After the Civil War, Clayton worked at a Georgia savings bank before President Ulysses S. Grant named him U.S. consul to Peru. Clayton served in the country for three years before his death on March 22, 1877.
Henry Sawyer was U.S. Consul in Paramaribo, Suriname. He was murdered by a sailor in his custody on May 7, 1877.
Frank E. Frye was U.S. Consul in Ruatan (Roatán), Honduras. He died of “fever” on February 10, 1879.
Elphus Hibbard Rogers was U.S. Consul in Veracruz, Mexico. He died of yellow fever on August 1, 1881.
Henry Highland Garnet was born into slavery in New Market, Maryland in 1815. His family escaped via the Underground Railroad and settled in New York City. Garnet began his college education at Noyes Academy, but a segregationist mob forced him to relocate to the Oneida Theological Institute. He was nonetheless renowned for his rhetorical talents.
After graduating, Garnet married, became a pastor at Liberty Street Presbyterian Church and began advocating for the eradication of slavery. His delivered his most famous abolitionist speech, Address to the Slaves of the United States of America or Call to Rebellion, to the Negro National Convention in Buffalo, New York, in 1843. Later, in 1865, he became the first black minister to preach to House of Representatives. He also aided in the Union effort by recruiting free black men to serve in the army.
In accordance with the aging Garnet’s final wish, President Ulysses S. Grant appointed him as U.S. minister and consul general at Liberia. Garnet only lived in the country for two months before his death on February 13, 1882.
Alexis O. Kustel was Vice Consul, in Apia, Samoa. Born in Austro-Hungary, his parents moved the family to San Francisco via Panama in 1852 during the California Gold Rush. He arrived at post in January 1883. Sailing from Apia on April 23, 1883, his ship was lost at sea during a storm. He was 40.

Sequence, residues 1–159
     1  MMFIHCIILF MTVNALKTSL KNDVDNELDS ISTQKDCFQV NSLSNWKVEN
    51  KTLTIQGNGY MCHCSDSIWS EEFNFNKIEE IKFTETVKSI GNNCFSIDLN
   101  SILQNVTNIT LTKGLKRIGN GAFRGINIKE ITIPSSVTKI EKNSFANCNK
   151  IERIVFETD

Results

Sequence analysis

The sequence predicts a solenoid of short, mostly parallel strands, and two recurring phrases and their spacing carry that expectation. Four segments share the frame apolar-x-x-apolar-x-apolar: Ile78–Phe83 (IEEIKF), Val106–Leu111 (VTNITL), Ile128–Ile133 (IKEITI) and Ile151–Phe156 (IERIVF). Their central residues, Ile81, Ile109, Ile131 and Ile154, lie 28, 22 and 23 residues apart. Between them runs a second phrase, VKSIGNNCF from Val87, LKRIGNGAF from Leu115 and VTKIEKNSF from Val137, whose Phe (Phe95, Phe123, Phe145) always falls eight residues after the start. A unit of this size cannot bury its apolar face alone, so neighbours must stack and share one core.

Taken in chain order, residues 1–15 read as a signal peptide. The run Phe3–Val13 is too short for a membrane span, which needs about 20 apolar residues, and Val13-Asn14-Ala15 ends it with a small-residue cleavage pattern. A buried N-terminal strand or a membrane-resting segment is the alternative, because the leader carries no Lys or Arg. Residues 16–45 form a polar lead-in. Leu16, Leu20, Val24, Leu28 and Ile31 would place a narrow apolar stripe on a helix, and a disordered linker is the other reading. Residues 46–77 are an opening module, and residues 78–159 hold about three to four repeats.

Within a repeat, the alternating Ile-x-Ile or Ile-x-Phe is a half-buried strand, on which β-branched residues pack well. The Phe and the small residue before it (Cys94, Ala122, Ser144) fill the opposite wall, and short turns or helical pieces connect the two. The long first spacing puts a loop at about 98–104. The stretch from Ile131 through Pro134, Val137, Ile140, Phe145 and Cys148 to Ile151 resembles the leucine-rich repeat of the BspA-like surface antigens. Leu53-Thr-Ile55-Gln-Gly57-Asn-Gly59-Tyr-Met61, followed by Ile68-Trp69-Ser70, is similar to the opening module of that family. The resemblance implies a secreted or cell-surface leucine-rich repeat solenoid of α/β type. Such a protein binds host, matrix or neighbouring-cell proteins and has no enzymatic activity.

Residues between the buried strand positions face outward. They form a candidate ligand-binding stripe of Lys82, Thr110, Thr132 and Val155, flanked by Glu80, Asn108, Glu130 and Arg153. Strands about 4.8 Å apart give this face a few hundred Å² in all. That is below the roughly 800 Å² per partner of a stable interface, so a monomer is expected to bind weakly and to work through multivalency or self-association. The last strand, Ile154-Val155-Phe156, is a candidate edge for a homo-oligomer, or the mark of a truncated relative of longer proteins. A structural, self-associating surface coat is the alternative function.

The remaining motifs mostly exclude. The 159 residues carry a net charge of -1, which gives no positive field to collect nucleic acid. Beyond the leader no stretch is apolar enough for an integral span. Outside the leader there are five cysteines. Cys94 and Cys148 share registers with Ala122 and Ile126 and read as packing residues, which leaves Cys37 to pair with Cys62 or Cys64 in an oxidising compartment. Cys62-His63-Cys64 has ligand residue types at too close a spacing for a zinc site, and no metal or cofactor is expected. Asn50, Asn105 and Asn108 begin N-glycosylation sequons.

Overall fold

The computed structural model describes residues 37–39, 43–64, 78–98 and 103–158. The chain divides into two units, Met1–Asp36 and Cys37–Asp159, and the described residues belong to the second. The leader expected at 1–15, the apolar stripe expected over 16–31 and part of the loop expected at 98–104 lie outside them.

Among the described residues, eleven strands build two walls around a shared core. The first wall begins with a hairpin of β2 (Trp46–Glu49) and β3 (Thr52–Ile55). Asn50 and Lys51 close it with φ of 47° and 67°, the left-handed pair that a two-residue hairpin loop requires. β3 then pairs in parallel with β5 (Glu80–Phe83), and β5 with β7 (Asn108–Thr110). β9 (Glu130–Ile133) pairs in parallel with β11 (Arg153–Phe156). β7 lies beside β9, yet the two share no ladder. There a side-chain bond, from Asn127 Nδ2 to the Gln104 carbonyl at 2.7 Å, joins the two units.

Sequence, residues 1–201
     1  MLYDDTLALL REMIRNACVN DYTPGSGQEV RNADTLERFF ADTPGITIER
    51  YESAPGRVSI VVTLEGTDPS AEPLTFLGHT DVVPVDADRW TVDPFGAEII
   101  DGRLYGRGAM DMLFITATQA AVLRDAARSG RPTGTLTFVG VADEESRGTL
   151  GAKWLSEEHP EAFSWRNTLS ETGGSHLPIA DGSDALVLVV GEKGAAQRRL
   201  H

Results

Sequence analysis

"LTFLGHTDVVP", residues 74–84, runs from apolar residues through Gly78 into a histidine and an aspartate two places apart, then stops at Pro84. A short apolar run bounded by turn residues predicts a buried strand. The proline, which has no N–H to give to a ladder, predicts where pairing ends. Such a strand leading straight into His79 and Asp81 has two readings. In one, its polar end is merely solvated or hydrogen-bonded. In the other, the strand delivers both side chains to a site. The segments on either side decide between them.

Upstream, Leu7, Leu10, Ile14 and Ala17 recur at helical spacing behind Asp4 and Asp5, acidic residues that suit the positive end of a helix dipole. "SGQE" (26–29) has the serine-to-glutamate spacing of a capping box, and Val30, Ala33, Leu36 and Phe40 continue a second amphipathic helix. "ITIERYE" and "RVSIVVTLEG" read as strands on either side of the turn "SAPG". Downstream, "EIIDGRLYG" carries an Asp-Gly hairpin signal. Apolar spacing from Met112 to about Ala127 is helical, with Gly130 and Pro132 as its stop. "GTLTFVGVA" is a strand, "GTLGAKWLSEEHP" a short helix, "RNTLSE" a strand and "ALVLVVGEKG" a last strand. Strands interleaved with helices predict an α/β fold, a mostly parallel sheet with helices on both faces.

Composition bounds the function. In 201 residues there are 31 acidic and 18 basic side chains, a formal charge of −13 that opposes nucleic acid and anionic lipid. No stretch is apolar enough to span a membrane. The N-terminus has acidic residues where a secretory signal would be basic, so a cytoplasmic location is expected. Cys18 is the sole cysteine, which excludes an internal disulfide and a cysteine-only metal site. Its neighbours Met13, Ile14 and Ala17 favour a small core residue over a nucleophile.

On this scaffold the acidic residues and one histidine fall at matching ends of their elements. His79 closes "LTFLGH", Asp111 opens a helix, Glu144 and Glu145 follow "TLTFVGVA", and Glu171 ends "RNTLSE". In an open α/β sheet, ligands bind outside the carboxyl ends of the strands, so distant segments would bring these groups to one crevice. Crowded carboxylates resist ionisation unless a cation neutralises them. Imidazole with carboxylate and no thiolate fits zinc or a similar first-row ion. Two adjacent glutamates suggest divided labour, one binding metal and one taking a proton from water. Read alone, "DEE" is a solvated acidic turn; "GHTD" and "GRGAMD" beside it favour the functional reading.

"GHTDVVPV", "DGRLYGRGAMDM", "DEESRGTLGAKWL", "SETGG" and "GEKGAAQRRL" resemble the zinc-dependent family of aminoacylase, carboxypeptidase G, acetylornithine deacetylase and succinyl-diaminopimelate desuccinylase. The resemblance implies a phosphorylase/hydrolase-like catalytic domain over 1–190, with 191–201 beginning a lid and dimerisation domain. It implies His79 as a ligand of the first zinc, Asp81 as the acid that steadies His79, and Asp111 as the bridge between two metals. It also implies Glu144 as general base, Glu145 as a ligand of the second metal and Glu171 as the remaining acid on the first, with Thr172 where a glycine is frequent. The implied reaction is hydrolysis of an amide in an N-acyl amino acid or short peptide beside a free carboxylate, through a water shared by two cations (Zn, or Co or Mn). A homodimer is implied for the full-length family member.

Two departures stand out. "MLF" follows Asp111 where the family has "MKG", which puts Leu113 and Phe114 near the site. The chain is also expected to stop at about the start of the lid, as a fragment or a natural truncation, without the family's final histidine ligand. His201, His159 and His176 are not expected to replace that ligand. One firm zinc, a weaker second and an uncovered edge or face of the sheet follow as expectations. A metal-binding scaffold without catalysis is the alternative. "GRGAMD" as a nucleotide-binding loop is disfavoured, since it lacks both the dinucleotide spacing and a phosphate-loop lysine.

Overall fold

[Source: San Francisco Examiner (San Francisco, California), 13 Aug 1884, Page 3]
Jesse Hale Moore was born in Lebanon, Illinois in 1817. In his early years, he attended McKendree College, worked at as a schoolteacher and became a Methodist minister. He later served in the Union Army, serving in the Atlanta Campaign and the Battles of Chickamauga, Franklin and Nashville before retiring with the rank of brevet brigadier general.
A Republican, Moore was elected as a U.S. Representative from Illinois in 1869 and served as chair of the Committee on Invalid Pensions. He then became a U.S. pension agent before his 1881 appointment by President Chester A. Arthur as U.S. consul to Callao, Peru. Moore died at post two years later, on July 11, 1883.
Seth Ledyard Phelps was U.S. Minister to Peru. He died of Oroya fever on June 24, 1885.
Moses Aaron Hopkins was born into slavery in Virginia on December 25, 1846. He escaped during the Civil War and worked as a cook in Union Army camps where he learned to read and write. After the war, he graduated from Lincoln University near Oxford, Pennsylvania, and went on to become the first Black graduate of Auburn Theological Seminary in Auburn, New York. He later settled in Franklinton, North Carolina, where he established a church and a school. He was appointed US minister (ambassador) to Liberia in 1885. He died there of a tropical disease on or about August 3, 1886 at age 39.